Hawaii Challenges Travel Ban’s Family Rules as Partial Ban Begins

(CN) – Hawaii’s attorney general filed an emergency motion Thursday asking a federal judge to clarify the scope of a preliminary injunction he placed on President Donald Trump’s travel ban in March.

The motion claims that the administration’s intent to move forward following a U.S. Supreme Court ruling on Monday runs afoul of both courts’ instructions.

While the justices allowed some elements of Trump’s travel ban to go into effect pending their review of his executive order in October, they also affirmed U.S. District Judge Derek Watson’s ruling against preventing close family members from visiting a person in the United States, citing the “concrete harm” that would befall those like Hawaii plaintiff Ismail Elshikh, whose Syrian mother-in-law would be subject to the ban’s 90-day waiting period.

In their ruling the justices said the Trump administration cannot impose the ban on anyone who has a “credible claim of a bona fide relationship with a person or entity in the United States.”

However, the justices did not define what they meant by the phrase “bona fide relationship.”

On Wednesday night, the State Department issued its interpretation, telling its international staff that it defines a close family as being “a parent (including parent-in-law), a spouse, child, adult son or daughter, son-­in­-law, daughter­-in-­law, and sibling, whether whole or half. This includes step relationships.”

But the State Department also listed a number of relationships that it does not include in its definition of a “close family.”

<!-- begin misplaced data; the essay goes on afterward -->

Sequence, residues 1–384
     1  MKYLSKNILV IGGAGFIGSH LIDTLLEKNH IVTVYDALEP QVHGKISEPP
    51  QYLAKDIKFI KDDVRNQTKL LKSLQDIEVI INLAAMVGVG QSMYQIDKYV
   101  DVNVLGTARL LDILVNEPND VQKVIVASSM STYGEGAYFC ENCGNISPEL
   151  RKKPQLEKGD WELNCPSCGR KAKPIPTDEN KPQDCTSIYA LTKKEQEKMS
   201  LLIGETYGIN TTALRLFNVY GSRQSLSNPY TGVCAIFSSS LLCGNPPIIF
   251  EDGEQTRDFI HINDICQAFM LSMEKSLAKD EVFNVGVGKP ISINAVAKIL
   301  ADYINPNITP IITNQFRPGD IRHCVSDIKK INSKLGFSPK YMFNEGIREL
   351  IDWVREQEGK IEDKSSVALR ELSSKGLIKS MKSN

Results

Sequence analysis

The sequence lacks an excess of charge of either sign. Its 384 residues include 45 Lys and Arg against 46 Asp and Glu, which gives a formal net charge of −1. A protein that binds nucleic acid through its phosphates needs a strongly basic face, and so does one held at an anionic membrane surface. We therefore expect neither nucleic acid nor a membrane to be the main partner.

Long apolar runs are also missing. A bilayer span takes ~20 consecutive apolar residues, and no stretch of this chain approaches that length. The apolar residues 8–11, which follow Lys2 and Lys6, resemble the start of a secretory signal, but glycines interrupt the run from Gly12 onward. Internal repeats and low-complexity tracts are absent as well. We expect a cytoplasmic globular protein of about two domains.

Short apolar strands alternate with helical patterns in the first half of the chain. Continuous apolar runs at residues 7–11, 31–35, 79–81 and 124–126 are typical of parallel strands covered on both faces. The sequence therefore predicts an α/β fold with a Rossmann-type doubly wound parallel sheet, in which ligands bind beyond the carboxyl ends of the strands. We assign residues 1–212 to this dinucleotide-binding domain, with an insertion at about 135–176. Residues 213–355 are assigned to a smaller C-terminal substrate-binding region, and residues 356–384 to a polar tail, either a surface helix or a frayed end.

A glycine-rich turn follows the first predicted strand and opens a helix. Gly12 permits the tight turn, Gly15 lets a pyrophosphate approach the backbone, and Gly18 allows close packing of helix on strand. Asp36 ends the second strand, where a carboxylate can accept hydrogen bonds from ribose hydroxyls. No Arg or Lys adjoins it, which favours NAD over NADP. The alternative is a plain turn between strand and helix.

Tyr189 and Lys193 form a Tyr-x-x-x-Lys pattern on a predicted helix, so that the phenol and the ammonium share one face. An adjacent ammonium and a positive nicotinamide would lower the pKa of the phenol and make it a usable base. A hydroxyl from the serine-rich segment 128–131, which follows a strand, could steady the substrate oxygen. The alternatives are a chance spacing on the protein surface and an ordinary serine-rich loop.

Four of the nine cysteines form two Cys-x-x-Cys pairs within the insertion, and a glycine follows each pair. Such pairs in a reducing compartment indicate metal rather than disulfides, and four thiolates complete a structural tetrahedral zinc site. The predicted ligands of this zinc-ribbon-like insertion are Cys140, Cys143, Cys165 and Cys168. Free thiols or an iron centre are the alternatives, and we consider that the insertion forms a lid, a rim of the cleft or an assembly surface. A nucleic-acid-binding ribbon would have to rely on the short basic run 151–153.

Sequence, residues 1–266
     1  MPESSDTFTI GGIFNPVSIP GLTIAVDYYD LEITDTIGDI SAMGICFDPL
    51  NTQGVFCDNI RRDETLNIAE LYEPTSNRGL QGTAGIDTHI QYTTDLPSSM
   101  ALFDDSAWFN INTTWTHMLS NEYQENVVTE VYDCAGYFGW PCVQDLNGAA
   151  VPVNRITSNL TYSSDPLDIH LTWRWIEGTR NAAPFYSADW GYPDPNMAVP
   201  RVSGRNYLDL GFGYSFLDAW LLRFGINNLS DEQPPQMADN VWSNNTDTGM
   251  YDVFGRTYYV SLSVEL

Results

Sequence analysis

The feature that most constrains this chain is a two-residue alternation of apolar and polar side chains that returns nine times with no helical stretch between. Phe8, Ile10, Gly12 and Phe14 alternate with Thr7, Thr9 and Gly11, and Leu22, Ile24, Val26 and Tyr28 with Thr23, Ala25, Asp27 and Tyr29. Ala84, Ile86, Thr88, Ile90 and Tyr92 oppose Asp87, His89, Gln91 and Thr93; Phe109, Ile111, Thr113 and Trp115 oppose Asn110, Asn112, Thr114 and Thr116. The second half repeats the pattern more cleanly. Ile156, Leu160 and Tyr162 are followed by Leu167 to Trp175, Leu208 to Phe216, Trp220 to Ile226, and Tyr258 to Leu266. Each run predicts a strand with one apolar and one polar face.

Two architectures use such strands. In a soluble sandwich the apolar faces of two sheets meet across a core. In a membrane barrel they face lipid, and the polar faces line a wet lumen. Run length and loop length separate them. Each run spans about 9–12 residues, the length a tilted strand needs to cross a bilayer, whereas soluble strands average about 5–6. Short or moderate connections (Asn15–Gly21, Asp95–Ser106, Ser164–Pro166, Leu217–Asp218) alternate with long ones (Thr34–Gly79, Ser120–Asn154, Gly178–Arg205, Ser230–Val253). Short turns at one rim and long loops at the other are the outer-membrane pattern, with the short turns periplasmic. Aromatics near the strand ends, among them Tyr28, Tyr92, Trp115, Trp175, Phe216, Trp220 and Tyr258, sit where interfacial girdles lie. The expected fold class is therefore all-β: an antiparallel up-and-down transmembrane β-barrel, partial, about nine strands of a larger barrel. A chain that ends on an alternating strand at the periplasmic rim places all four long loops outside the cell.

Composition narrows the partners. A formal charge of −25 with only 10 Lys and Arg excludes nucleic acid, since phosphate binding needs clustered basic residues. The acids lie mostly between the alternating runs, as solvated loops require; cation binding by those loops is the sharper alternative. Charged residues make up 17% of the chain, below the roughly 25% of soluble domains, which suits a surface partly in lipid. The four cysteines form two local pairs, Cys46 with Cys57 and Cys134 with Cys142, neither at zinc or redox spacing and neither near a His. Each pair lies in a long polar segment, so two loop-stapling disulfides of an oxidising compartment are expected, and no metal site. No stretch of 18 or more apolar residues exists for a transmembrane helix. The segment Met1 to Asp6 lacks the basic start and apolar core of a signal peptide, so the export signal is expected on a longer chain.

Not making the cut are grandparents, grandchildren, aunts, uncles, nieces, nephews, cousins, brothers­-in-­law and sisters-in-­law, fiancés and any other “extended family members.”

The partial travel ban, which applies to Iran, Libya, Somalia, Sudan, Syria and Yemen, went into effect at 8 p.m. Eastern time on Thursday.

Meanwhile Hawaiian Attorney General Douglas Chin, filing on behalf of Elshikh and the state, asked Judge Watson to “clarify that the federal government may not enforce the controversial bans against fiancés, grandparents, grandchildren, brothers-in-law, sisters-in-law, aunts, uncles, nieces, nephews, and cousins.”

Watson earlier held the ban violated the establishment clause of the Constitution, agreeing with plaintiff’s arguments that the President’s campaign rhetoric calling for a Muslim ban were an undeniable subtext for his executive order.

Chin also claims the government acted illegally in instructing consulates to delay the refugees traveling to the United States they are unsure of refugees’ relationship with a U.S. resettlement agency.

“The Government does not have discretion to ignore the Court’s injunction as it sees fit,” the motion says. “This Court should clarify as soon as possible that the Supreme Court meant what it said, and that foreign nationals that credibly claim connections with this country cannot be denied entry under the President’s illegal Order. ”

Chin also expressed dismay over what he described as administration “stonewalling,” saying that despite numerous requests for guidance, he only received word of the administration’s plans when it sent its draft guidance to consular offices Wednesday night.

He said he only received formal documentation from the administration — in the form of a one-page letter accompanied by documents that had already been made public — about three hours before the government began enforcing its new rules.

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